Alternatively, heat map and hierarchical clustering results on normalized biomarker data (to remove the inter-subject variability) also revealed that Bayview and College site exposures elicited distinct inflammatory and endothelinergic responses (Fig. 1) as with the mixed model results. For instance, pro-inflammatory cytokines IL-1β, IL-2, IL-6 and plasma BET-1 were seen to be upregulated after the Bayview ambient (“without” mask) exposures, compared to the other two exposure conditions and this is consistent with the statistical model results (Table 7). However, decreased haptoglobin levels and increased anti-inflammatory IL-10 levels for the “with” mask exposures compared to “without” mask exposures at the Bayview site, as well as the College site, support the concept of active compensatory mechanisms. (Fig. 1).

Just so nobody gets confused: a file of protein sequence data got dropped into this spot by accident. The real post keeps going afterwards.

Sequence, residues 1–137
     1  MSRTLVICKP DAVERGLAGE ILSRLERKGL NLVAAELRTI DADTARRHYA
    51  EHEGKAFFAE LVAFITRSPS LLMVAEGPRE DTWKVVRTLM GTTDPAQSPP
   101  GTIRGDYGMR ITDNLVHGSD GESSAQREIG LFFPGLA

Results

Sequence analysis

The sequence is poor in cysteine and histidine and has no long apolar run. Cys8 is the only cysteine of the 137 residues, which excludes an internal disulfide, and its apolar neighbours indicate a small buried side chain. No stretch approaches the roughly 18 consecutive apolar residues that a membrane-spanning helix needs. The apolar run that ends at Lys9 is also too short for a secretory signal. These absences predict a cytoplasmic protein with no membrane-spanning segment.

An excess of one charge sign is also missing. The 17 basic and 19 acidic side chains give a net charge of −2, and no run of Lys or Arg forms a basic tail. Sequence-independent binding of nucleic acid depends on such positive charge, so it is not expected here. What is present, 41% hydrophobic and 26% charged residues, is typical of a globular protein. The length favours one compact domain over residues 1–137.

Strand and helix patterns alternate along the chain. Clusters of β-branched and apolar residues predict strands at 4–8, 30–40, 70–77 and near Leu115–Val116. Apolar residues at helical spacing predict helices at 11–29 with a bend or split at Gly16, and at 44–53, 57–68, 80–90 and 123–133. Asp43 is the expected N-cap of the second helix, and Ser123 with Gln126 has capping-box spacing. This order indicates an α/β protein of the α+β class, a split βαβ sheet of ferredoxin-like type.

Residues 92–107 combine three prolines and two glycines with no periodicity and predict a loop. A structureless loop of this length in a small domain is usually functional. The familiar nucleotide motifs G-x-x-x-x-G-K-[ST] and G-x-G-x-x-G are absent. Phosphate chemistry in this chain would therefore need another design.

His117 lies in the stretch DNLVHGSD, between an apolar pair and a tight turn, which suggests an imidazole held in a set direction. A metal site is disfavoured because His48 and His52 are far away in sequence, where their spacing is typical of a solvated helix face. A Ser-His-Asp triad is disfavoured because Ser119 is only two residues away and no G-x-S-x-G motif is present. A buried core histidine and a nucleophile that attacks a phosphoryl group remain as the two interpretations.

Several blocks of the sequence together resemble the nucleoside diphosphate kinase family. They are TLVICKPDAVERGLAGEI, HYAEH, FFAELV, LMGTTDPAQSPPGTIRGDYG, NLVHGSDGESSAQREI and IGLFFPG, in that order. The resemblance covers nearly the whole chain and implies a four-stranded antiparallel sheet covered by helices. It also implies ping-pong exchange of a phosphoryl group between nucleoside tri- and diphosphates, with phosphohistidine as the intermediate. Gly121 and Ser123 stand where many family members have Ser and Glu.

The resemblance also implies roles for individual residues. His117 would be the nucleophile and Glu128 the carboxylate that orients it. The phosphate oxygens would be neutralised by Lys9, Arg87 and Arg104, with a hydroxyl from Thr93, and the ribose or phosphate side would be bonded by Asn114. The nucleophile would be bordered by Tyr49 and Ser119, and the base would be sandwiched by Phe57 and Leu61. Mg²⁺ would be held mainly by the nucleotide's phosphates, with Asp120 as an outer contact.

Protein interaction networks obtained by conducting Ingenuity Pathway Analyses (IPA) on normalized multiple protein biomarker information (included significant changes) provided mechanistic information [25]. The highest scoring protein networks A and B with highest scores corresponding to “with” and “without” mask exposures at the Bayview site, respectively (Fig. 2a-b) exhibited NF-kB and proinflammatory cytokine nodes in both networks suggesting activation of inflammatory pathways after both these exposures. Nevertheless, the networks related to “with” and “without” mask exposures at the Bayview site appear to be somewhat different (Fig. 2a-b) and suggest Th1 (cell-mediated immunity and inflammation) and Th2 (allergy type inflammation)-like inflammatory responses, respectively [64]. The two types of helper T cells (Th1, Th2) produce cytokines characteristic of the corresponding inflammatory responses. Furthermore, network B corresponding to the Bayview site “without” mask exposures with increased IL-1β, IL-4, IL-6 and ET-1 may suggest some vascular immune responses. Pro-inflammatory changes such as increased IL-6 and TNF-α levels (Tables 5, 5, 6, 7, 8) are known to trigger acute phase protein responses and increase endothelins exhibiting signs similar to endothelial dysfunction [19, 22, 24, 27, 71]. Vascular wall cells, macrophages and Th2 cells can contribute to increased IL-1β, IL-4, IL-6 and ET-1 levels. IL-4 is known to increase IL-6 levels and impact on vascular endothelial cell barrier function [62]. IL-1β is known to induce prepro ET-1 gene by various mechanisms [24]. Moreover, UFP and SO2 are shown to mediate NFkB-signalling pathway-related inflammatory conditions [12, 58], while exposure to particulate matter is known to trigger Th2 type immune responses and negatively impact on pulmonary vasculature [18]. We have reported on reduced pulmonary function in subjects after exposure at the Bayview site [10], and there are recent findings suggesting airway inflammation (Kauri et al. unpublished results) associated with exposures at this site. Also, these protein interaction networks are consistent with the molecular mechanisms proposed for air pollution exposure-related effects [44]. The canonical pathway analyses by IPA identified various disease functions including cell growth and proliferation, cell-cell signalling, immune cell trafficking, inflammatory response and cardiovascular disease, for Bayview site exposures (Additional file 1: Figure S1).